The real Zika conspiracy: Are Brazilian authorities downplaying the virus?

The Brazilian government is facing criticism from health workers in the areas worst-hit by the Zika virus, due to a perceived lack of support and a failure to provide official diagnosis

On the frontline in Brazil’s fight against Zika, widespread failures to diagnose the virus and under-reporting of suspected cases are triggering claims of deliberate attempts to downplay its spread.

Doctors, nurses and patients in north-eastern state Pernambuco, the area worst affected by Zika in Brazil, claim that ahead of this summer’s Olympics, authorities are failing to test for the virus on a vast scale. 

At best, experts say, health authorities are failing to register thousands of potential cases because they are overwhelmed by the crisis. But some suggest there has been a widespread, even deliberate, failure to diagnose Zika in the worst affected country. Experts claim this incomplete diagnosis process has led to fewer confirmed patients.

 Health authorities in Pernambuco admit that extensive testing is not done on all cases, pointing out that in an epidemic, doctors must give priority to pregnant women and children, because of the links to the birth defect microcephaly. 

Last year, the city of Recife in Pernambuco experienced around a third of Brazil’s reported cases of microcephaly. In nearby Olinda, exterminators said there has been a significant increase in people with symptoms of Zika or chikungunya, a similar virus spread by the same mosquito, in the last six months.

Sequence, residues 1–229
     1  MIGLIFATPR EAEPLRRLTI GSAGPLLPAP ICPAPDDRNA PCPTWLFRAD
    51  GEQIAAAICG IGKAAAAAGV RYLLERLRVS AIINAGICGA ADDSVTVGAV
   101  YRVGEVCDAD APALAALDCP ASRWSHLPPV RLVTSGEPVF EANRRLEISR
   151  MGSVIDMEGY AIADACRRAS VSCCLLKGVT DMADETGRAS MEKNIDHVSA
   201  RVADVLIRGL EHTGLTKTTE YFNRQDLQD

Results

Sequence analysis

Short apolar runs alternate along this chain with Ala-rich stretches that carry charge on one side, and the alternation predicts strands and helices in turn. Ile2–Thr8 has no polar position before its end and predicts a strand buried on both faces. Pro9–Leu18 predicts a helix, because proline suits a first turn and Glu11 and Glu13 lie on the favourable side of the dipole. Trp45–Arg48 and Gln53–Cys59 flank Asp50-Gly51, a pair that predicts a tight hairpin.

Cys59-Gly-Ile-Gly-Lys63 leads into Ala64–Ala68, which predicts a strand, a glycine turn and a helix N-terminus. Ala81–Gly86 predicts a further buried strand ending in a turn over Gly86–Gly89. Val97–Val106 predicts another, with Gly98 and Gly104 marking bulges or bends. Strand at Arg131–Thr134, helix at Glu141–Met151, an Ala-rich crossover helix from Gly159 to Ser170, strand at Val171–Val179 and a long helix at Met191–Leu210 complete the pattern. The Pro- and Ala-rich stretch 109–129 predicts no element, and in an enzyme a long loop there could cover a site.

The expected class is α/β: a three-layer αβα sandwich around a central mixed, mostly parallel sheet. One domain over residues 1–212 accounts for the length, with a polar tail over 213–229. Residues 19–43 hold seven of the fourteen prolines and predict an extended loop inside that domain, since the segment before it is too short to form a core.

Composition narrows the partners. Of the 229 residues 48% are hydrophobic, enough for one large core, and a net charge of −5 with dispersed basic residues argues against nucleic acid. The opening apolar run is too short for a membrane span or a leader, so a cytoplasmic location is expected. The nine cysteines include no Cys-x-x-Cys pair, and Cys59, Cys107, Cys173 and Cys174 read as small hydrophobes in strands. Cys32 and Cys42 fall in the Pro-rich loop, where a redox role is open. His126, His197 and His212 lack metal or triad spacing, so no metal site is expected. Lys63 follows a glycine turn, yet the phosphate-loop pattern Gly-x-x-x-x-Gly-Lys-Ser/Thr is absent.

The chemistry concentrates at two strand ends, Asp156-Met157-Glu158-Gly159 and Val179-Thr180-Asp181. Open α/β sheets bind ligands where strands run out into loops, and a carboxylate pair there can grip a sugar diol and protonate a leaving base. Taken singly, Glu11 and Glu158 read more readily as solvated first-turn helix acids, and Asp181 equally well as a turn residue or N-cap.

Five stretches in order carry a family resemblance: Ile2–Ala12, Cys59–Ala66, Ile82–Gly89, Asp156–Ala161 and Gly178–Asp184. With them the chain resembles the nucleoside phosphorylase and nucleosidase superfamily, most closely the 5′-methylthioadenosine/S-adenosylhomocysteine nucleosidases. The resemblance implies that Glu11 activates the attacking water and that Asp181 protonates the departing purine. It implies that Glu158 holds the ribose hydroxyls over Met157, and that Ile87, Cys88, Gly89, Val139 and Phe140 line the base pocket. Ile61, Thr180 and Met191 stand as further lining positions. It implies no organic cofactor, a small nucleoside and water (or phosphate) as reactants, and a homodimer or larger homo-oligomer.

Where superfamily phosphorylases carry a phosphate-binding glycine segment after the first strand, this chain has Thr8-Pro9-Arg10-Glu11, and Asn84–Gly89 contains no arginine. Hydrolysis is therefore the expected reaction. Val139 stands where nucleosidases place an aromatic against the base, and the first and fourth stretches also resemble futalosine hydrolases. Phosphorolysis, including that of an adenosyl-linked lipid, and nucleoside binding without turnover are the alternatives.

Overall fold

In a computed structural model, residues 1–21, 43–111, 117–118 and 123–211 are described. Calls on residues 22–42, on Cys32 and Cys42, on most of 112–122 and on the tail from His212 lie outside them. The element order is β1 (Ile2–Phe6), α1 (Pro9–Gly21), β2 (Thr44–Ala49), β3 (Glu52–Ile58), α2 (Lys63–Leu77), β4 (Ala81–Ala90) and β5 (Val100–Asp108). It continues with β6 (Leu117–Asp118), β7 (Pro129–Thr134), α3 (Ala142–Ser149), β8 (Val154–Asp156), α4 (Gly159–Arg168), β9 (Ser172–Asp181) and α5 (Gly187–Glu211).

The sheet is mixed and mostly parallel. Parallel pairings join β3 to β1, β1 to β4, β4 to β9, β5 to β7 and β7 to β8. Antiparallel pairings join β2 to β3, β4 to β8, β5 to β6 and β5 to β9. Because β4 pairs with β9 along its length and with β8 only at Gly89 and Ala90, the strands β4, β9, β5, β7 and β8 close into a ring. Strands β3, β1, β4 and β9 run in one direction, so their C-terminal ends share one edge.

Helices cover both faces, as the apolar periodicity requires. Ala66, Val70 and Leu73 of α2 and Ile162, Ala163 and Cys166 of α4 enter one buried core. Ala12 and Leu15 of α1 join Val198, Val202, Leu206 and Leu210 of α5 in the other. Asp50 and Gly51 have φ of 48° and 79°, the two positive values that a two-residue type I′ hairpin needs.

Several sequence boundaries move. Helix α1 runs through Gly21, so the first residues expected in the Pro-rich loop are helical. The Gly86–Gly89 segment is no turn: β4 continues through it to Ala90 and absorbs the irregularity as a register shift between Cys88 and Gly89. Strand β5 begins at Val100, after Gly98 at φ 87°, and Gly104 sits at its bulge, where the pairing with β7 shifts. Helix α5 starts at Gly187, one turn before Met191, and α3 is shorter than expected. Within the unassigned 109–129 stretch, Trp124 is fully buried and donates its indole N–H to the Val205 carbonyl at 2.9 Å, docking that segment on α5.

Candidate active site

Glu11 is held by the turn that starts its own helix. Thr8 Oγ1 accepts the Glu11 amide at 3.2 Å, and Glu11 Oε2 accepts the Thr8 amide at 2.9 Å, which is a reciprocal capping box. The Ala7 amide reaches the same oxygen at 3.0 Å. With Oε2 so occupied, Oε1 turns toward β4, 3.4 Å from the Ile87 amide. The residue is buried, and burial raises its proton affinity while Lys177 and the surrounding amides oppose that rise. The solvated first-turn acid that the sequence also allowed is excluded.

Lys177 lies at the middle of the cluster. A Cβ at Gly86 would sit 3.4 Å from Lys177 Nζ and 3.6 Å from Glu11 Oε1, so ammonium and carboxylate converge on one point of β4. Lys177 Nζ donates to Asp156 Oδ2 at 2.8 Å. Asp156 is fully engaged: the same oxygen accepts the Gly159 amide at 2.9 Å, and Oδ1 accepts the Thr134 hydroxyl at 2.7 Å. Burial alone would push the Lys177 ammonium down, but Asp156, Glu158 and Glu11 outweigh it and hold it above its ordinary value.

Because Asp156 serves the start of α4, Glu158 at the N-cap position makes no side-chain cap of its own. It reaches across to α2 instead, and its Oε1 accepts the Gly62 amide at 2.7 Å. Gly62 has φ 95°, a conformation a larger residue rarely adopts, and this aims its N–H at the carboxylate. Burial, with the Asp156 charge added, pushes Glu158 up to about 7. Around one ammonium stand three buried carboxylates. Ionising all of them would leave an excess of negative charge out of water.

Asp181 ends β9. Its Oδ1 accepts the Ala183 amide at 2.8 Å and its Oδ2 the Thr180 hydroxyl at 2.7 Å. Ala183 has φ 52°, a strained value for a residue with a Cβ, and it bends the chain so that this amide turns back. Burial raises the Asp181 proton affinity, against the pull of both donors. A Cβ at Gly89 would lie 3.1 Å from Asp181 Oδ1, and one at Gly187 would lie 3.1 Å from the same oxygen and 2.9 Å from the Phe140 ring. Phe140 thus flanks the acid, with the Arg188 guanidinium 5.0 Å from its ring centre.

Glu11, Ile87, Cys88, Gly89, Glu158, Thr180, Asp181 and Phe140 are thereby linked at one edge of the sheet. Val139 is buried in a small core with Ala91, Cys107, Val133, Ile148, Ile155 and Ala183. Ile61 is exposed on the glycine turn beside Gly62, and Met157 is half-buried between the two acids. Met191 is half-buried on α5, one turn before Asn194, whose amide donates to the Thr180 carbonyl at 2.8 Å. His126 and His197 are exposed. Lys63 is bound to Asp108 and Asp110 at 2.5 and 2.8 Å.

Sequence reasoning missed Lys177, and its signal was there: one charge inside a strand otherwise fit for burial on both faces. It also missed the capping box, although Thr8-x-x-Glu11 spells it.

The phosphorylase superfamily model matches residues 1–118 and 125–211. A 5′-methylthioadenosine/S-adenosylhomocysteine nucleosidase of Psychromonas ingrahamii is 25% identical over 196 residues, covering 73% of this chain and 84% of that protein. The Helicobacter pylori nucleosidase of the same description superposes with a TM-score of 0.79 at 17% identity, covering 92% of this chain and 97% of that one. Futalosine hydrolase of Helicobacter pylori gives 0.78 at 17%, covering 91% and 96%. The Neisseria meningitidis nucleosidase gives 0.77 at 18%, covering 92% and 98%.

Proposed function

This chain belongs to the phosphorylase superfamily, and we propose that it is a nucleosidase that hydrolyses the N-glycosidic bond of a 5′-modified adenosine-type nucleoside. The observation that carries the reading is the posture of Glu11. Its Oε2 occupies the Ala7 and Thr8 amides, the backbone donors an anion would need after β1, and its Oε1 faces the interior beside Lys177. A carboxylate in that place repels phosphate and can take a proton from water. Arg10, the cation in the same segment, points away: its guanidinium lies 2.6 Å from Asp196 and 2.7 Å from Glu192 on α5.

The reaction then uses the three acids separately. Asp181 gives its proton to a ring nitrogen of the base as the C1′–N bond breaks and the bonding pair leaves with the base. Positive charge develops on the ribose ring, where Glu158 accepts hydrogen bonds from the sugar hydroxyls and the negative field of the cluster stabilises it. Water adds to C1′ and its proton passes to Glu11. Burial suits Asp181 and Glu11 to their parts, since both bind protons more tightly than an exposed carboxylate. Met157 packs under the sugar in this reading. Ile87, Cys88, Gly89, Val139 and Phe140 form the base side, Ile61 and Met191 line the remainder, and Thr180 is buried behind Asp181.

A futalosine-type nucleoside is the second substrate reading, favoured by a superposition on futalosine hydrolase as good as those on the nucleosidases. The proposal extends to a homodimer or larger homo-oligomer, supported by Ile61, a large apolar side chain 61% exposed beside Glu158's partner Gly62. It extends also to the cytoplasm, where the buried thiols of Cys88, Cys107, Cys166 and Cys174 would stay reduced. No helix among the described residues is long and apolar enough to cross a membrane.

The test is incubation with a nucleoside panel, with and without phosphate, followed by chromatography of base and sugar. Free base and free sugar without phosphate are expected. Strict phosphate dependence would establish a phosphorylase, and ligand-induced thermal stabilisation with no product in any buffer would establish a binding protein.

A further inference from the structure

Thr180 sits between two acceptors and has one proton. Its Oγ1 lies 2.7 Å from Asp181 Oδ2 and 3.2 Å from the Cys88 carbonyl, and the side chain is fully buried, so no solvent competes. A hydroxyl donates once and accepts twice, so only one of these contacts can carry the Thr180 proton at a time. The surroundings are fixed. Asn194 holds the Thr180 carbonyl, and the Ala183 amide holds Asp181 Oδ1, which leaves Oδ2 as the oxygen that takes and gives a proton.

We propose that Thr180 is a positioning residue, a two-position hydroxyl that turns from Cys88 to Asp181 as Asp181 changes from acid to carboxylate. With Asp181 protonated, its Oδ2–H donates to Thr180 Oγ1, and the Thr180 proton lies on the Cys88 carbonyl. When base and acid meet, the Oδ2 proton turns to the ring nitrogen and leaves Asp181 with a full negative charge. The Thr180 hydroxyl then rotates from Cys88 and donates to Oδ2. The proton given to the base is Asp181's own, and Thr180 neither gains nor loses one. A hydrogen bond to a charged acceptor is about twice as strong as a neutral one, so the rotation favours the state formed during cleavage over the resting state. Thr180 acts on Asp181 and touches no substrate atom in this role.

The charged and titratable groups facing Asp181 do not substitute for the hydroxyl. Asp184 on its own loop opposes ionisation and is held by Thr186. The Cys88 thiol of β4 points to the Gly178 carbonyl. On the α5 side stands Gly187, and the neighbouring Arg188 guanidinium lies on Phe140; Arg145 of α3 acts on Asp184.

Paula Elane, 35, a statistician for the Brazilian environmental health organisation, Ceval, which is responsible for spraying the streets with mosquito repellent, said that the team’s 10-strong extermination team find around 100 cases every day in Olinda.

Since the outbreak began, Brazil estimates that there have been between 500,000 and 1.5 million, but admits it has been forced to stop counting due to the size of the epidemic. 

Ms Elane also claims that, despite the rapid spread of the virus, there has been no rise in assistance from the government of President Dilma Rousseff, despite her pledges to fight the outbreak. She said: “I believe the government has tried to cover this situation up as there is a lot at stake this year. We have municipal elections and the fact that carnival and the Olympics will bring in such a large amount of money to the country has caused them to downplay the situation.”

The Zika outbreak is not the first time the Brazilian government has faced criticism for its failure to respond. Arthur Chioro, a doctor trained in the field of public health, was removed from the Ministry of Health last September when the dengue epidemic, also caused by the Aedes aegypti mosquito, was raging.

Ms Rouseff handed over control to career politician Marcelo Castro. Mr Castro has incurred widespread scorn for his reaction to Zika, issuing statements including one saying he hoped women protect themselves less than men from mosquitoes “because they expose their legs”. 

“The people of this area are pulling together and working in a charitable sense for one another,” Ms Elane told The Independent. “We have not received any monetary or logistical support, but we are constantly being pushed to increase our workload. In the 12 years I have worked at the agency, I have never seen anything like this.”